Zia Mohiuddin Dagar & Zia Fariduddin Dagar: Dhrupad Like his ancestor Ustad Ziauddin Dagar became a court musician in the erstwhile Rajputana. One hundred years ago he graced the darbar of Maharaja Bhupalsinh of Udaipur. His sons, Zia Mohiuddin Dagar and the younger Fariduddin Dagar performed these Dhrupad selections in an impromptu concert in Bombay one day in April 1968. Bengt Berger was on hand with his trusted Nagra to make this iconic field recording. There is a powerful sense of ecstasy and spontaneity in this two-hour-long and absorbing performance. The Dagar brothers bring a passionate, soaring intensity to the selection of Dhrupad. The singing of both brothers is resonant – and despite the obvious difficulties that Mr Berger assuredly faced while making this field recording, the voices retain an exquisite purity. The words symbolize not just the harmonious combination of different musical sounds but also the divine harmony of the cosmos, as the act of making this music – in the hands of these Dagar Brothers becomes more a union of the physical and the spiritual. This brings both musicians and listeners closer to that divine realm that is being conjured by this music where single melodic lines using frequent embellishments and a wide melodic range to convey a lyrical and sensual quality. The album also features K.Sridhar on tanpura, heard here as a young disciple of Zia Mohiuddin Khan, his Dhrupad master.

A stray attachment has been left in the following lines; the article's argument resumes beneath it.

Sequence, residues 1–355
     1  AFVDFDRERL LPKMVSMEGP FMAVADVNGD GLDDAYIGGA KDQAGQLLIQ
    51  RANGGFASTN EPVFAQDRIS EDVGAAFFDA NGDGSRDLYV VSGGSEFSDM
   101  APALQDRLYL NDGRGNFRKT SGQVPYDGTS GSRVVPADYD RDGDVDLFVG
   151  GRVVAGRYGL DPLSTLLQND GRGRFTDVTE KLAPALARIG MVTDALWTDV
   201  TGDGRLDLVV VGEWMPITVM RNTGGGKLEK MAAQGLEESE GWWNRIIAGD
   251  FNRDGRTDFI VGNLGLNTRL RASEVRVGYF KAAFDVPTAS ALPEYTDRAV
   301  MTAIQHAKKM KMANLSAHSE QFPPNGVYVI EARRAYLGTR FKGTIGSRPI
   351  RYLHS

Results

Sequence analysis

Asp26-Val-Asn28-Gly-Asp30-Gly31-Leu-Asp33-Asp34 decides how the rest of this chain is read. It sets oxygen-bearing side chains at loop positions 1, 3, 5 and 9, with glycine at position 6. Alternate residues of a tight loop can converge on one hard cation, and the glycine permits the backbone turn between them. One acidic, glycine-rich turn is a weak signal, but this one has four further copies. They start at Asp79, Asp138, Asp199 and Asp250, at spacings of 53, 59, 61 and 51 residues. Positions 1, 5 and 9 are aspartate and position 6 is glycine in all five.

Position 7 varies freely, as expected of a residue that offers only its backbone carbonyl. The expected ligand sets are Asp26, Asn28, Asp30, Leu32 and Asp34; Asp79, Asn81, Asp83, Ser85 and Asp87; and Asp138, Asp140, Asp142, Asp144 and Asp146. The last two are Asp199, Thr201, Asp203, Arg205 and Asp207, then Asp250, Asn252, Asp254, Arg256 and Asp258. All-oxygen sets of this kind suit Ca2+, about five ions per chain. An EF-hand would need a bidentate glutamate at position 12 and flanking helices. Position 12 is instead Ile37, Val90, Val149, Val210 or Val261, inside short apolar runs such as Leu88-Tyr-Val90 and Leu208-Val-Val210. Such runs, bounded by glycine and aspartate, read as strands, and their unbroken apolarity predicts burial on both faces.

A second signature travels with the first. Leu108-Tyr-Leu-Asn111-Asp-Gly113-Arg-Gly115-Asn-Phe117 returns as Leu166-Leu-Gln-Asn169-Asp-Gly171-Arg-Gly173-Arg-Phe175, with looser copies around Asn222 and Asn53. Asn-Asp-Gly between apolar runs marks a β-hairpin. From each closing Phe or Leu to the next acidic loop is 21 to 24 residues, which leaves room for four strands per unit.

Track list – 1: Alap, jor jhala; 2: Bhimpalasi – Chautal; 3: Suha – dhammar; 4: Lalit – dhammar; 5: Kedar – dhammar; 6: Chayanat – dhammar; 7: Gaud-Sarang – dhammar; 8: Lachasa – jhaptal; 9: Rageshvaray – jhaptal; 10: Madhmang-Sarang – jhaptal; 11: Shayam-Malhar – jhaptal; 12: Suha – jhaptal; 13: Desi – dhammar; 14: Jog/Natai/Chaalnat – Rupak; 15: Suha – dhammar; 16: Lalit – dhammar; 17: Kedar – dhammar; 18: Suha – dhammar; 19: Adana – jhaptal; 20: Bhairavi – rupak/tivra; 21: Bhairavi – dhammar